Project Pakistan

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This month marks the anniversary of the devastating floods in Pakistan


Christian Troy and Jordan Tappis revisit Pakistan on behalf of Waves For Water.

Pakistan’s floods of Summer 2010 were rated by the United Nations as the greatest humanitarian crisis that the UN has ever faced. And although it measured such magnitude, the disaster went largely unnoticed by the international community.

The UN expressed concern that aid was not arriving fast enough, and the World Health Organization reported that ten million people were forced to drink unsafe water.

Waves For Water responded. We overlooked the politics and the threats and focused on the human crisis. Within a month, we raised funds, shipped water filtration systems, and arrived in Pakistan to find partners in country to combine efficiencies for optimizing distribution of clean water to those in need.

Pakistan Demo

Christian Troy gives a demo on water filter installation

 

Distributing water filtration systems in the rural Layyah District of Punjab, Pakistan

Distributing water filtration systems in the rural Layyah District of Punjab, Pakistan

 

One of our Water Filters in use

Waves For Water filtration system in use

 

A Pakistani farmer drinks clean water to the last drop before he raises his dry tin cup and smiles

A Pakistani farmer drinks clean water to the last drop before he raises his dry tin cup and smiles

 

A couple of beneficiaries acknowledge the camera after the one on the left recited an original poem of gratitude

A couple of beneficiaries acknowledge the camera after the one on the left recited an original poem of gratitude

 

As it turns out, any other color bucket may have just blended in—

As it turns out, any other color bucket may have just blended in—

 

These two bespectacled brothers left us with an indelible image of radiant, red buckets being carried off into the farmers' fields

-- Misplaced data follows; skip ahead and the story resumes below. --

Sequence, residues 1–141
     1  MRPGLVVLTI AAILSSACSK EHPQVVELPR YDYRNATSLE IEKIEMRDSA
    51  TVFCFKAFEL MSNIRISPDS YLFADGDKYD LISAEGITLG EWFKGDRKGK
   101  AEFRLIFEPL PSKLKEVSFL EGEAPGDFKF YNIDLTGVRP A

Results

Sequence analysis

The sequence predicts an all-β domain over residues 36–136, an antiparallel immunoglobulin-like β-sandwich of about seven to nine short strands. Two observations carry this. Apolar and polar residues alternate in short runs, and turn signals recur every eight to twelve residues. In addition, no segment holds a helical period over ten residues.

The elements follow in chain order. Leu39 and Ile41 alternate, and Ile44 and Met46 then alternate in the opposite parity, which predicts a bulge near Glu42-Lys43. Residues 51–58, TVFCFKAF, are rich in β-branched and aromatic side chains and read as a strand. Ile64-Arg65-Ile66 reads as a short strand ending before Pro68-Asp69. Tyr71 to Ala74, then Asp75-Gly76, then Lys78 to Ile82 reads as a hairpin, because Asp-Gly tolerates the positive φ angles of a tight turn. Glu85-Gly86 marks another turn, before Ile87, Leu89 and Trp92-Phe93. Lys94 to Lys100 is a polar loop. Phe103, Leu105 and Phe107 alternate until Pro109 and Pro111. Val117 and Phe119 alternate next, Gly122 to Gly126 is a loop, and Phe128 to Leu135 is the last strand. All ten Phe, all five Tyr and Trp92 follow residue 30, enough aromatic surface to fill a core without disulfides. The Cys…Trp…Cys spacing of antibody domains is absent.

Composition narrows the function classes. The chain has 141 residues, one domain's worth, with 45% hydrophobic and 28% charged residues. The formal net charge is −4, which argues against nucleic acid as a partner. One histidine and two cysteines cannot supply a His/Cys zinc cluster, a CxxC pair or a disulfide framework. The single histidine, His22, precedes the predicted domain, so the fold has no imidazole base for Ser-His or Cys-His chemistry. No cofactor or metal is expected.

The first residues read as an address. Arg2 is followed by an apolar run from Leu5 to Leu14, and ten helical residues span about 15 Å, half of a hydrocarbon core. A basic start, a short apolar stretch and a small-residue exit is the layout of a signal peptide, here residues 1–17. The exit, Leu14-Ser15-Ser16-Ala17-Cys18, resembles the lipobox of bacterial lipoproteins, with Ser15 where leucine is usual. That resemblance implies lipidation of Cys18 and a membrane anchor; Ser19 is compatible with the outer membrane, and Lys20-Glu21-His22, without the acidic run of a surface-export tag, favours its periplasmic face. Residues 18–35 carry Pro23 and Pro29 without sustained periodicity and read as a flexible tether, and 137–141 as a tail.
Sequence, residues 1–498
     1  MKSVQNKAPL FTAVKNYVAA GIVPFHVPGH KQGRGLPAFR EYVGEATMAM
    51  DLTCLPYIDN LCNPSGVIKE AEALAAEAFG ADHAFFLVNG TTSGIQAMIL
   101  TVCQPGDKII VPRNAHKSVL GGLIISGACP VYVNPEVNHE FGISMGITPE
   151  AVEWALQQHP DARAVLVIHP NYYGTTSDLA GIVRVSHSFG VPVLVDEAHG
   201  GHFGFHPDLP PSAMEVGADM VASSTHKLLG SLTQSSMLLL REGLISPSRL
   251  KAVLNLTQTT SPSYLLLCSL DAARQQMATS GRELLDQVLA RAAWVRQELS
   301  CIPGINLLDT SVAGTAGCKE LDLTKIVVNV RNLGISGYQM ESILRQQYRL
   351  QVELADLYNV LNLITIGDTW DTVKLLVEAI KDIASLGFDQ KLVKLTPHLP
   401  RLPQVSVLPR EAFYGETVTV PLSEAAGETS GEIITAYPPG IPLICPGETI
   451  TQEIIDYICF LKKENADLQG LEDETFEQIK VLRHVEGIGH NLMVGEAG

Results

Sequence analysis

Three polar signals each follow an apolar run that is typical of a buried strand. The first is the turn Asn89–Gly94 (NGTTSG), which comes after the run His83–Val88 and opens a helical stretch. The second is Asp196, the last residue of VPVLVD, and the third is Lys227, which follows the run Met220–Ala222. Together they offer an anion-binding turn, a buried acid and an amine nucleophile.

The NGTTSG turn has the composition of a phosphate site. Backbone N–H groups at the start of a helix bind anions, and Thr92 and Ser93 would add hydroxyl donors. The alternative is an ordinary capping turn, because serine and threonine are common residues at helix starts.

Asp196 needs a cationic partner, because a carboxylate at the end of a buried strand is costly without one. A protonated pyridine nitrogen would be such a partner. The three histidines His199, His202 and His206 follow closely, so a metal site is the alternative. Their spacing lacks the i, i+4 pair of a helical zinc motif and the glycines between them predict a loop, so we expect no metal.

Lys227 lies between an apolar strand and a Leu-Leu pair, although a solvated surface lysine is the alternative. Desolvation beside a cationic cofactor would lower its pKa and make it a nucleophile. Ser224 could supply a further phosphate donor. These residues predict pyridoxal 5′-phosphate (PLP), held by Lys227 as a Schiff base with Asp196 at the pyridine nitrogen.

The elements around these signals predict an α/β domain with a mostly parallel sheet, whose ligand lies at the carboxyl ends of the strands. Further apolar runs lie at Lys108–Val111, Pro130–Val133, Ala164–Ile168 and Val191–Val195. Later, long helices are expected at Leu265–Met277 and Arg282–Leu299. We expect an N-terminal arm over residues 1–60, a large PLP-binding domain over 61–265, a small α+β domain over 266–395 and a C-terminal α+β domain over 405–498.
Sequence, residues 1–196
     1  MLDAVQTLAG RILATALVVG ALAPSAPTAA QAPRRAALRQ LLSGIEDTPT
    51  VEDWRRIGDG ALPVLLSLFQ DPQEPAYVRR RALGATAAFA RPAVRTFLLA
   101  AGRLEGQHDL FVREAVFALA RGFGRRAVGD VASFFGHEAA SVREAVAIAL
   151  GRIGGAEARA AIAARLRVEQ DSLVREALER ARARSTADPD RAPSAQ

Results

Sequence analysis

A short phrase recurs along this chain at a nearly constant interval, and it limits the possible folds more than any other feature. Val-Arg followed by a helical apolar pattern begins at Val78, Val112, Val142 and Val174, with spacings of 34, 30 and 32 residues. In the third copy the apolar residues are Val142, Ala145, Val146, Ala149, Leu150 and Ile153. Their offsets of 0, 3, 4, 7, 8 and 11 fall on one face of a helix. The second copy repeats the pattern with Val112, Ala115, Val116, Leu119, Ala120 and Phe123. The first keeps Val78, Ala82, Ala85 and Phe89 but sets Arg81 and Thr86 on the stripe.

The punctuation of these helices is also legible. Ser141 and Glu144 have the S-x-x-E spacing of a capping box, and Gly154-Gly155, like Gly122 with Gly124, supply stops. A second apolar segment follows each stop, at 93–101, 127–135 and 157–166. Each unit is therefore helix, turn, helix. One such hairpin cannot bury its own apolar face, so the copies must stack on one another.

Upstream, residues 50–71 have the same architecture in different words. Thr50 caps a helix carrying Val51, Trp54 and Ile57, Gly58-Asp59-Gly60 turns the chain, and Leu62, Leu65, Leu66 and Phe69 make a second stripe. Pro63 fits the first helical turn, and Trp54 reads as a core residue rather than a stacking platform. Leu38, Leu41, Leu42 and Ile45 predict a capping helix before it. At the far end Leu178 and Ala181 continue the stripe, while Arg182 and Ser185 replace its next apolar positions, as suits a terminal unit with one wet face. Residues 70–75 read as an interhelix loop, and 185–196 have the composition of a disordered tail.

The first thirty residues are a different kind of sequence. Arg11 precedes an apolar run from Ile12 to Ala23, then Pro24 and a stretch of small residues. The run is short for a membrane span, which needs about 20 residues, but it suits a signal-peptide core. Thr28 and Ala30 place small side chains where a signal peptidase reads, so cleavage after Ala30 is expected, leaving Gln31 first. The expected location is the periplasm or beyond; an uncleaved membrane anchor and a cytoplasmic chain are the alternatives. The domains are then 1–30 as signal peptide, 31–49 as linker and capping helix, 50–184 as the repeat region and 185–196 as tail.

These two bespectacled brothers left us with an indelible image of radiant, red buckets being carried off into the farmers' fields

Read more about Project Pakistan

7 Responses to “Project Pakistan”

  1. Frank Chavez

    I amreally interested in helping out around the globe with this. I tried to contact you last year during the US Open but never got any feed back at all. If I could go abroad and continue to support my family I would love to be a part of this year round…fc

    Reply
  2. ali

    Very poor situation for the drinking water in Pakistan. But in last Decade it is felt that Govt lodged many filters in living territories. If this is not possible, then the CHLORINE is the best way to make unclean water to drinkable water. This is very cheap, it can be used on the top of tube well tap through a machine. Only i estimated 10 years ago 0.50 paisa spend for one person chlorine. But now Govt is not using this.

    Reply
  3. rachel

    I am very interested in your water filters ~ could you please send me detailed information regarding the actual filtration system and exactly what bacteria and virus the filters eradicates! Thank you and I look forward to a prompt response.

    Reply
  4. Seamus McNally

    Thank you for spreading the word about your inspiring and effective mission which clearly reaches the lives of a great many people.

    Waves for Water spreads compassion, goodwill and common sense in a way that tangibly raises the level of consciousness around the world -among those people who need the most and in those who have the most to share.

    Please keep me informed of your endeavors.

    Many Thanks,
    Seamus McNally

    Reply
  5. Jennifer

    Christian, thank you for the wonderful work you are doing. And for the awareness you are creating. May your ability to see through political challenges in order to serve a great human need, empower others to act. I look forward to your updates and wish you continued success.
    Best,
    Jennifer

    Reply

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